Tuesday, April 29, 2008

Podcasting and Vlogging the Filipino Way

Last Saturday at the iBlog4 I was teamed up with popular Pinoy vlogger, Coy Caballes, to speak about podcasting and vlogging. Instead of doing it the regular-ala-preso-way Coy and I decided to do a short video about our iBlog4 assignment. We did not use any high-tech equipment to produce this video and hopefully we managed to inspire others to try out podcasting and video blogging.

Here's the bit about podcasting -

And on video blogging -

Read more about iBlog4 at An Apple a Day.

Friday, April 04, 2008

Understanding Google Analytics

Google Analytics I'd say is the best tool there is to track data on your website or blog. A few months ago I wrote a short overview about it, but I've gotten quite a number of requests on how to understand the data provided by Google Analytics.

Looking at stats in Google Analytics is pretty much a walk in a park, however it may seem like a daunting task when you have to submit a report. Aside from piling up information, of course you have to make sure that the stakeholder reading your report should understand it. I had problems in my past job making my report understandable to non-techies. I just got blank face when I mentioned the terms page views, referral sites, user sessions etc. It's also best to have a report that's both qualitative and quantitative. Remember top executives and managers have short attention span and they normally don't go beyond the first page of any report.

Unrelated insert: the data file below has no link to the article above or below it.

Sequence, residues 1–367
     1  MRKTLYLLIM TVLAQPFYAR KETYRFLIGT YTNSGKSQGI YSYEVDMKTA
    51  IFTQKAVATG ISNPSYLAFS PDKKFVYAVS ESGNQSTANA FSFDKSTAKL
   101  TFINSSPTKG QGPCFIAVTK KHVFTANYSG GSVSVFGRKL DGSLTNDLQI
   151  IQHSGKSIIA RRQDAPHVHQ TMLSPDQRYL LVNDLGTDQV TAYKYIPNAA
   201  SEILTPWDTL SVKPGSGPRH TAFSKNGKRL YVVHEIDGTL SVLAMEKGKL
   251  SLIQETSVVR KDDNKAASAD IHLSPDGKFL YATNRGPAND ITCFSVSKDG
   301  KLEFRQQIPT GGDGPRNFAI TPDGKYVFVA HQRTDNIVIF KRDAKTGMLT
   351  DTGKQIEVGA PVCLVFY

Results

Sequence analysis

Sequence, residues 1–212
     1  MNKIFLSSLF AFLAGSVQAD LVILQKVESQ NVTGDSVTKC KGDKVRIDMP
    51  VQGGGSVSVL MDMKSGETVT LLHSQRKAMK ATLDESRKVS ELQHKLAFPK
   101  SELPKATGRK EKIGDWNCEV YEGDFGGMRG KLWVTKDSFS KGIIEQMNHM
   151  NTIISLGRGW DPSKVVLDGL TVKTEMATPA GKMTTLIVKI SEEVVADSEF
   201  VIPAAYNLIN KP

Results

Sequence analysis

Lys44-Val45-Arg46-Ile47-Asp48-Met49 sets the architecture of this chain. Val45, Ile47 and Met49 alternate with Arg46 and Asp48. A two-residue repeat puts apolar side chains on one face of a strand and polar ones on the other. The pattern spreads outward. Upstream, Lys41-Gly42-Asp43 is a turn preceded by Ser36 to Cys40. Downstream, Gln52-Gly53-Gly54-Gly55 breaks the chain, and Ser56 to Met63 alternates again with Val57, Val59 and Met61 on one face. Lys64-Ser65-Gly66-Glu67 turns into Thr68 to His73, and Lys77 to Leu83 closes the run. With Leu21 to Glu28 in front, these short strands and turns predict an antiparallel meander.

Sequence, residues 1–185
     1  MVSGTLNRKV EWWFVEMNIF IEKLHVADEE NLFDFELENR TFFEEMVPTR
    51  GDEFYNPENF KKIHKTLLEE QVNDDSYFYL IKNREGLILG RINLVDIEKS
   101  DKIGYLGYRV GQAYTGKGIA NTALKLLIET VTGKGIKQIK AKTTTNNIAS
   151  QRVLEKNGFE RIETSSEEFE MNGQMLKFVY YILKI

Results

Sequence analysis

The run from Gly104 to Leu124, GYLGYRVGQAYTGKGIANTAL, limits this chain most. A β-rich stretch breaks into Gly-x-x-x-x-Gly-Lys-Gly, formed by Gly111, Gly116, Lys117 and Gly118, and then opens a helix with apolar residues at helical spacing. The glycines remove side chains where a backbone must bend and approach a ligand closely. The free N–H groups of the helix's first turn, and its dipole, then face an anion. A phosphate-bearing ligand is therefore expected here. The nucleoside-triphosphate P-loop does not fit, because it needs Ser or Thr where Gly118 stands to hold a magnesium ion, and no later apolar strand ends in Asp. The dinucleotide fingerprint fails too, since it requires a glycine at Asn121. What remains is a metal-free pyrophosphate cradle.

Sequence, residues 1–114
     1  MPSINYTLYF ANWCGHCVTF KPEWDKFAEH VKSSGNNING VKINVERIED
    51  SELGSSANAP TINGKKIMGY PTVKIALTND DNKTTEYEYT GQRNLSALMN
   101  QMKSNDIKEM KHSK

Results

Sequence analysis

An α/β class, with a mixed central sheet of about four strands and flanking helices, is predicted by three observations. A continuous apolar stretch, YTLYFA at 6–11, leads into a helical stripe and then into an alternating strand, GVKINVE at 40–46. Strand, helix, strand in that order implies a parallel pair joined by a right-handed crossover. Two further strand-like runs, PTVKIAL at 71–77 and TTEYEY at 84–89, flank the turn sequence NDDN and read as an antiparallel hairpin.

When you open Google Analytics you'll get to see a myriad of information. Quite easy to understand, here's an outline you can use when you need to come up with an offline report.

*Always define the period of your report.

Site Usage: Site usage provides an overview to the overall traffic of your website. Key among the stats provided in this section are the Page Views and the visitor's Average Time on Site (also known as user session) because this indicates whether the site visitor is looking through your content aside from your home page. The longer your visitors stay in your site, the better.

Page Views
Pages per Visit
Bounce Rate
Ave. Time on Site
% of New Visits
*it would also be great if you could include graph of your traffic

Visitors Overview: It is also important to know how many visitors your site is getting. Always remind your stakeholder that the reach of one's website is incomparable to traditional media. Bear in mind that those visiting your site are people who need your product/info (your target market). Any marketer would tell you that it's more expensive to acquire new users versus maintaining loyal customers. Content is key to keep your users coming back (it's called site stickiness). The map overlay basically shows you where your visitors are coming from.

Absolute Unique Visitors
New vs. Returning
Map Overlay (countries/territories)

Traffic Sources: This indicates how your visitors found your website. If you have an offline advertising campaign, getting direct traffic may indicate that your visitors may have seen or heard about your website through this campaign. Getting traffic from search engines is important since it indicates that your site is relevant and people are looking for you! Use the Google Website Optimizer to help you make your website more search engine friendly.